MAYTT: I see. Throughout your experience, how has Chiba Sensei and his students interacted with the larger aikido community, especially those outside of his sphere of influence? Did he encourage forming bonds with practitioners from other schools, styles, and training methods?
KV: I remember one specific time when Morihiro Saito Sensei came to California at Bernice Toms dojo, Sunset Cliffs. Chiba Sensei closed our dojo, San Diego Aikikai, and asked us all to go and train with Saito Sensei. It was wonderful. He would also have us reading Saito Sensei’s weapons books.
RV: He welcomed other students and other teachers with a very open-door policy in his dojo.
KV: If you came into the dojo and wanted to study for a long period of time and you had a different style, you really had to change your style and train the way we did. Otherwise, it would’ve been too dangerous, in that situation, don’t you think?
RV: Yes. Some styles just didn’t fit the way that we were training – maybe they were less dynamic or had different ukemi, so the connectedness varied.
KV: Different ukemi, definitely.
RV: Not to the technique so much, but the ukemi was the deciding factor in the way in which we practiced in Chiba Sensei’s dojo. We continue to practice and improve this kind of ukemi; raising your center, not collapsing, staying connected throughout the technique.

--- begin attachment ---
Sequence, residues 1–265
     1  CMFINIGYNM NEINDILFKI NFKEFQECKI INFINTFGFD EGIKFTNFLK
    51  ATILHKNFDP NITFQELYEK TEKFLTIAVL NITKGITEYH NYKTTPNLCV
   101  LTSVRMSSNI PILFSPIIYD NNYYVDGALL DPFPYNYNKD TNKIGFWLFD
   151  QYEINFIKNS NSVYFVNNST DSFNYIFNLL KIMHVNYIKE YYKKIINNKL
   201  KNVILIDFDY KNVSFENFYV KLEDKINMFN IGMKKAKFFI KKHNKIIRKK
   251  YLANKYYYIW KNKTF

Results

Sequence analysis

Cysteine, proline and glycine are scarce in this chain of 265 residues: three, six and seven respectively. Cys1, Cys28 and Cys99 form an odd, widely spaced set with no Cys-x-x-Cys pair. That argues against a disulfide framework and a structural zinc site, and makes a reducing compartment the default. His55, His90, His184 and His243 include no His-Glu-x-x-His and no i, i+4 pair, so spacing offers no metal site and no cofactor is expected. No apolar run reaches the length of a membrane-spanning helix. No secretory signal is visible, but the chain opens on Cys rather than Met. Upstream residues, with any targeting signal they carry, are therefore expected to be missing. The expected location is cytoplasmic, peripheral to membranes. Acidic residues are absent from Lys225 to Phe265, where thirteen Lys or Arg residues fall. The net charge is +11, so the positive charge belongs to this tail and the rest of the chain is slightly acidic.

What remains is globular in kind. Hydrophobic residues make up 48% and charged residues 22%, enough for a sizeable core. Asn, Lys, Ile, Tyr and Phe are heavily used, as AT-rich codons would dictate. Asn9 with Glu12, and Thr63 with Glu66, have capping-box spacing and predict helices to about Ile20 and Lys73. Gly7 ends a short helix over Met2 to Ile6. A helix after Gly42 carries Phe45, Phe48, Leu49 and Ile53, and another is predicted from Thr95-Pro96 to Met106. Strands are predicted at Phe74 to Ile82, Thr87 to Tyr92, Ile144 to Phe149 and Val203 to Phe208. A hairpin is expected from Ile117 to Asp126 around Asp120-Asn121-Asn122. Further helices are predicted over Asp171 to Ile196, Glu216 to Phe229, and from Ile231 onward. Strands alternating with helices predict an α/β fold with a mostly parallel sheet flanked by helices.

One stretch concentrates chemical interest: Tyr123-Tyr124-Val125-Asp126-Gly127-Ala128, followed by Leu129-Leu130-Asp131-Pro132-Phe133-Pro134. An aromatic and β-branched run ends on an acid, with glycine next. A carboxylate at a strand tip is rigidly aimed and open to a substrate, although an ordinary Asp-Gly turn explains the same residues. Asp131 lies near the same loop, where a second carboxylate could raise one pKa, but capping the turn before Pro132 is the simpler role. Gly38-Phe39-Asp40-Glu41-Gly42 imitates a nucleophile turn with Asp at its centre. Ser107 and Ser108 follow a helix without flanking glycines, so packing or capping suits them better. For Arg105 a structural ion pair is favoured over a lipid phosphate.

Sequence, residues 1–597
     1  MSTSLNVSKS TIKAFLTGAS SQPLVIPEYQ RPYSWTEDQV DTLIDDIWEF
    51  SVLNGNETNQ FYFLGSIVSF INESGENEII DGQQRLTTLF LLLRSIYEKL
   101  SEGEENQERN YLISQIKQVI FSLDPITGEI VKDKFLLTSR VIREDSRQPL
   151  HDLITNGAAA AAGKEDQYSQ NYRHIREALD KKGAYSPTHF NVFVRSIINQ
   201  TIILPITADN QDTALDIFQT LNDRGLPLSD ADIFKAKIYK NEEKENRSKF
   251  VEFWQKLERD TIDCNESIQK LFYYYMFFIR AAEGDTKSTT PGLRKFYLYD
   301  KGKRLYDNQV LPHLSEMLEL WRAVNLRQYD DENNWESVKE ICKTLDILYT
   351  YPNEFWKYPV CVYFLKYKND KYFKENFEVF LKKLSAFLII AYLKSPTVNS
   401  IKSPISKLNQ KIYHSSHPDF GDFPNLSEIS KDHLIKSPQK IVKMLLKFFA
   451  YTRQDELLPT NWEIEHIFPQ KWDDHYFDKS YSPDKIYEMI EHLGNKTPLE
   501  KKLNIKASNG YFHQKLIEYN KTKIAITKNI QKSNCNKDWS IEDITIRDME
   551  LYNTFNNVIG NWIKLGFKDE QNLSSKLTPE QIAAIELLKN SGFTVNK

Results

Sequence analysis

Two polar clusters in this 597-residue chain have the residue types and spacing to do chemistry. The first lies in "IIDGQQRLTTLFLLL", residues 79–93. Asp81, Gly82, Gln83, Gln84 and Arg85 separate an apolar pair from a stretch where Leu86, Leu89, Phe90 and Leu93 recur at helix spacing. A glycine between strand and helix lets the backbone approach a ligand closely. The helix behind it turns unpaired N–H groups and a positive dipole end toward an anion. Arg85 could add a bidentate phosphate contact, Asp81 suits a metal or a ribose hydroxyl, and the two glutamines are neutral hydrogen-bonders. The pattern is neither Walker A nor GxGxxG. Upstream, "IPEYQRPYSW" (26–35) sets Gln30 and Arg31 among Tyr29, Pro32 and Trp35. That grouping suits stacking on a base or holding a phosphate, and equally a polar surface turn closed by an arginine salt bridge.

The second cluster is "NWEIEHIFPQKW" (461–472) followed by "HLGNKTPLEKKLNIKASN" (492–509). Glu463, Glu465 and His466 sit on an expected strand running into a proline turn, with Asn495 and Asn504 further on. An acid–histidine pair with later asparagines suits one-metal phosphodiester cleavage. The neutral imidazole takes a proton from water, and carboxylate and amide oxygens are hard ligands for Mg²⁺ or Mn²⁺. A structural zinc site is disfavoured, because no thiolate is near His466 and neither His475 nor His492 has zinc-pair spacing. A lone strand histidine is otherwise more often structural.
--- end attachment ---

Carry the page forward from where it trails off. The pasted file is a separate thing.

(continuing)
KV: And he really didn’t teach ukemi. You figured it out. So, it was a little different in that way. You had to figure out how we were fitting in with his aikido and with our developing aikido.
But, with the community, even more so with the summer camps, we would invite people to summer camps, specifically USAF senseis. We would invite Yamada Sensei, we would invite people from Europe, people from different organizations, and of course, Shihan from Hombu Dojo.
RV: Nobuyoshi Tamura Sensei.
KV: Yes, Tamura Sensei
RV: Akira Tohei Sensei, Shibata Sensei, Miyamoto Sensei, Kurita Sensei and many more.